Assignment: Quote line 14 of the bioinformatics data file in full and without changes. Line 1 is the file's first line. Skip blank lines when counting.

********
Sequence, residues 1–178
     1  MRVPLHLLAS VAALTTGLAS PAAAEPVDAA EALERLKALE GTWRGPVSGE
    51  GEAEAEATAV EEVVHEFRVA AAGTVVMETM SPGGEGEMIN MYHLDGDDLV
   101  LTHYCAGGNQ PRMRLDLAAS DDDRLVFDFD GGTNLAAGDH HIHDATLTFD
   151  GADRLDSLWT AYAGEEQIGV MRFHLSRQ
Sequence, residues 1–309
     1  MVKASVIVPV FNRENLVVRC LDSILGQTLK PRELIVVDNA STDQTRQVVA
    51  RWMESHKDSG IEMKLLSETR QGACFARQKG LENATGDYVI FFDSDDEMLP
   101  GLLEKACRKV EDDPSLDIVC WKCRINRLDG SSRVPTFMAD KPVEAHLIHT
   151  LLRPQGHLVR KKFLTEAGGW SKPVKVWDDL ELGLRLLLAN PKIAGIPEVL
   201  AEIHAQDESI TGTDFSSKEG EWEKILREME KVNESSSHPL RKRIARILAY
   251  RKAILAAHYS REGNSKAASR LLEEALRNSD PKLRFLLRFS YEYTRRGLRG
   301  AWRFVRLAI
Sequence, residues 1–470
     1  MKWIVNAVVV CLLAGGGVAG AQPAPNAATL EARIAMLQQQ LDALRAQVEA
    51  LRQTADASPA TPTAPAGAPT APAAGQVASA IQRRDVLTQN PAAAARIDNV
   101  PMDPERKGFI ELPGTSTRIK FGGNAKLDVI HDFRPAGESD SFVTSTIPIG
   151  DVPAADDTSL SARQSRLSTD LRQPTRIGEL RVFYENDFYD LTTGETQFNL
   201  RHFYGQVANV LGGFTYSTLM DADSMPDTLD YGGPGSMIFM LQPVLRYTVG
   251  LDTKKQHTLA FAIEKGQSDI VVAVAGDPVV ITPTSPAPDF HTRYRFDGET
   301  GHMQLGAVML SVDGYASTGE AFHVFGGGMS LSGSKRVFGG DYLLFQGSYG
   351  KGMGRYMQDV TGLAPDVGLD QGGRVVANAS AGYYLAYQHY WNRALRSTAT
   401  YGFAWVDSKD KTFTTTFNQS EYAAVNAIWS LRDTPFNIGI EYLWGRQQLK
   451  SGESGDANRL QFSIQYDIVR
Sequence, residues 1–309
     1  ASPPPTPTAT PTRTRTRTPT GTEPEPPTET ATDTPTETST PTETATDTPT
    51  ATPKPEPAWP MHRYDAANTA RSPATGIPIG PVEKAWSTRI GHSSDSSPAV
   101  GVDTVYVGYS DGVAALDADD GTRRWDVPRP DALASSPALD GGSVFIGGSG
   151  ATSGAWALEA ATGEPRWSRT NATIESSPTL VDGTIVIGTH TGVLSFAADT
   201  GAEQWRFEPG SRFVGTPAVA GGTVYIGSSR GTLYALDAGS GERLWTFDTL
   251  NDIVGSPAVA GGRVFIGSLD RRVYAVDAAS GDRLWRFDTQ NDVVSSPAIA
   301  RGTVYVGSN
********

Sequence, residues 1–470